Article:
09, Jan 2018 | Teesta Setalvad
After several preliminary hearings, the Jharkand HC has admitted the Public Interest Litigation (PIL) filed by the Persecuted Prisoners Solidarity Committee [PPSC] on under-trial prisoners in the jails of Jharkhand. Several thousands of them, mostly Adivasi and Dalit youth, who have been languishing in prison because their trials have been deliberately prolonged. If speedy trial had been held most of them would have been be acquitted by now, the petition alleges.
The HC has taken cognizance of the limited findings submitted by Persecuted Prisoners Solidarity Committee [PPSC] and the court has directed the Home Secretary / IG-Prisons to place before the court the details of all under-trial prisoners in all the jails of the state by the January 29 when the next hearing will take place.
Persecuted Prisoners’ Solidarity Committee (PPSC), a platform of Lawyers, Activists and socially committed persons moves the High Court to expedite the criminal proceedings long pending before various criminal courts in the state against the hundreds of tribals, dalits and other marginalized communities’ youth in the State of Jharkhand implicated under the Unlawful Activities (Prevention) Act, 1967 and 17 Criminal Law Amendment Act, 1908. The Public Interest Litigation (PIL) where Stan Swamy, a known social activist based in Ranchi is the first petitioner, presents the pathetic situation of the under-trials due to the snail pace at which the criminal proceedings happen in the state especially in the case of victims of/ crusaders against the state repression.
The Writ Petition (WP No. 4212/2017) is a result of almost two years long research where a report was published by Bagaicha, a social action centre. This PIL focuses on the undue delay caused by the apparent mala fide actions of the state. Advocate Deepak Kumar argued the matter before the division bench consisting of the acting chief justice of the Jharkhand High Court and gave directions to the Secretary, Home department or/and the Inspector General, Prisons that a list of prisoners languishing in all the jails of the state should be furnished by January 29, 2018 when the PIL will be heard next. The respondents in the PIL were also directed to file reasons for undue delay caused by prolonged trial or pending due to the state delay in obtaining necessary.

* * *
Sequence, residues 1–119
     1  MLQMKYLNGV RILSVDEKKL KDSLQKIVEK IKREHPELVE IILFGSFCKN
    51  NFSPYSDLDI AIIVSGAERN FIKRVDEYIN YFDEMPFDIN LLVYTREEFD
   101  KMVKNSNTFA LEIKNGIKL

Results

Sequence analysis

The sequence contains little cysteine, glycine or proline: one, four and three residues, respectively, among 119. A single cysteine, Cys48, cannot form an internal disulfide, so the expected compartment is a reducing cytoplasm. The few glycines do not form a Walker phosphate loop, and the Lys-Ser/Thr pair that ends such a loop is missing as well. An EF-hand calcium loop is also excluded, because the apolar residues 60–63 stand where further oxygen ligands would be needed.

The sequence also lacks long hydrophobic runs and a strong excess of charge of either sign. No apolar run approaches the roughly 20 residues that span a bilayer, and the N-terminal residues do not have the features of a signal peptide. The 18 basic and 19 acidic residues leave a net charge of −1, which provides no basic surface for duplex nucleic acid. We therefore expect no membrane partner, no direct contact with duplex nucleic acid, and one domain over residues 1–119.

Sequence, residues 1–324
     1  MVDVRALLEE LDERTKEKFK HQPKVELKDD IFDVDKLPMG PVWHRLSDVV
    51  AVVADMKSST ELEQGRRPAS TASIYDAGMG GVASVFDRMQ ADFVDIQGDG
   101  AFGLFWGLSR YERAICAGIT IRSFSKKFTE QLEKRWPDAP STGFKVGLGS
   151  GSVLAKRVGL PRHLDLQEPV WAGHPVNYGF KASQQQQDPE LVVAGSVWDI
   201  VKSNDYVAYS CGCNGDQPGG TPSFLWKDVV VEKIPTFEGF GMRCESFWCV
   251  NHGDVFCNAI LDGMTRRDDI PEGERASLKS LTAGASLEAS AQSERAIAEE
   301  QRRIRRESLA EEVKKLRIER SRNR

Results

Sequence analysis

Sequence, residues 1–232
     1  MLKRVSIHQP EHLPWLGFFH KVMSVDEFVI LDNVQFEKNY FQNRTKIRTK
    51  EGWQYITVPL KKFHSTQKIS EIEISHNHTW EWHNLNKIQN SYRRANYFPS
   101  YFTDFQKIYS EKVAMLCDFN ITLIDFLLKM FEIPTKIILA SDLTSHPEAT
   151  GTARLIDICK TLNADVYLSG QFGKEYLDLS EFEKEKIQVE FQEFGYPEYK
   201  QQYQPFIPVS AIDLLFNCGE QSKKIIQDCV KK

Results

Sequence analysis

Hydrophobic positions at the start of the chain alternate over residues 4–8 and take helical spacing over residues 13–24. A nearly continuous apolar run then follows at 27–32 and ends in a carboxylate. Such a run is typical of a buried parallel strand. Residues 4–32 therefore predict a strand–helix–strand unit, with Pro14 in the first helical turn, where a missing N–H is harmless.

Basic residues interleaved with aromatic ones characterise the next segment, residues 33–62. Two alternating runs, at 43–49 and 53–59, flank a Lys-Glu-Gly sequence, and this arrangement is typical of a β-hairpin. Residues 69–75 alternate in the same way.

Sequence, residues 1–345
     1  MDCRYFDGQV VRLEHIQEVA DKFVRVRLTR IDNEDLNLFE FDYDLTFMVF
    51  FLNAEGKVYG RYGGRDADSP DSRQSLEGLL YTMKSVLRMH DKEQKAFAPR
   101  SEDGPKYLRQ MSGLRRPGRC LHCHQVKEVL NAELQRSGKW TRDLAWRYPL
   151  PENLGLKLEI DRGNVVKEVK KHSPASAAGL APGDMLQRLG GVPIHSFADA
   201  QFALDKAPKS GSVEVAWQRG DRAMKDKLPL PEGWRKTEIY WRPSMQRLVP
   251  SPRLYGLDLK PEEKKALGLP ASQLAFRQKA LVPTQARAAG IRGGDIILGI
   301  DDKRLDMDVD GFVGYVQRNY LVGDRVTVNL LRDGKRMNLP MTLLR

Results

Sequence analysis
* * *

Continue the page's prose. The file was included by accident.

CJP had focussed on this issue through a special feature in November 2017
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You may read excerpts from the story here:
The petition filed by Stan Swamy and others, after a detailed fact finding in Jharkand seeks to enforce the fundamental right to speedy trials of the ignorant and deprived members of the indigenous / downtrodden communities from the scheduled tribes and scheduled castes and other backward classes of Jharkhand facing trials in the courts.
Over three hundred Jharkhandi adivasis continue to be incarcerated despite the Supreme Court’s orders of speedy trials. Hence this petition seeks to get them immediate relief and get them released on interim bail. The petition also seeks orders from the High court to constitute a Commission of Inquiry in all 24 districts of the state of Jharkhand and record the present status of affairs in the light of the leading example of the District jail, Chaibasa revealed by the Research Report of Bagaicha. The petition is likely to come up soon.
At the jail at Chaibasa, a total of 72 prisoners were identified in as of 28.02.2017, who together faced a total of 108 cases registered at about half a dozen police stations in the district of West Singhbhum, often against unknown and unnamed offenders. The comprehensive list may be read here.
Principal District and Sessions Judge, Chaibasa and a total of 4 District and Additional Sessions Judges, 2 Assistant Sessions Judges, a Chief Judicial Magistrate and a Sub-divisional Judicial Magistrate were the concerned judicial officers posted at the learned courts below where these cases and trials were pending. On analysing the data for the above-specified cases at Chaibasa, the disposal of as many as 101 of the above-said 108 cases, amounting to about 93.5 percent of the cases, were found held up on account of some inordinate or undue delay or the other.
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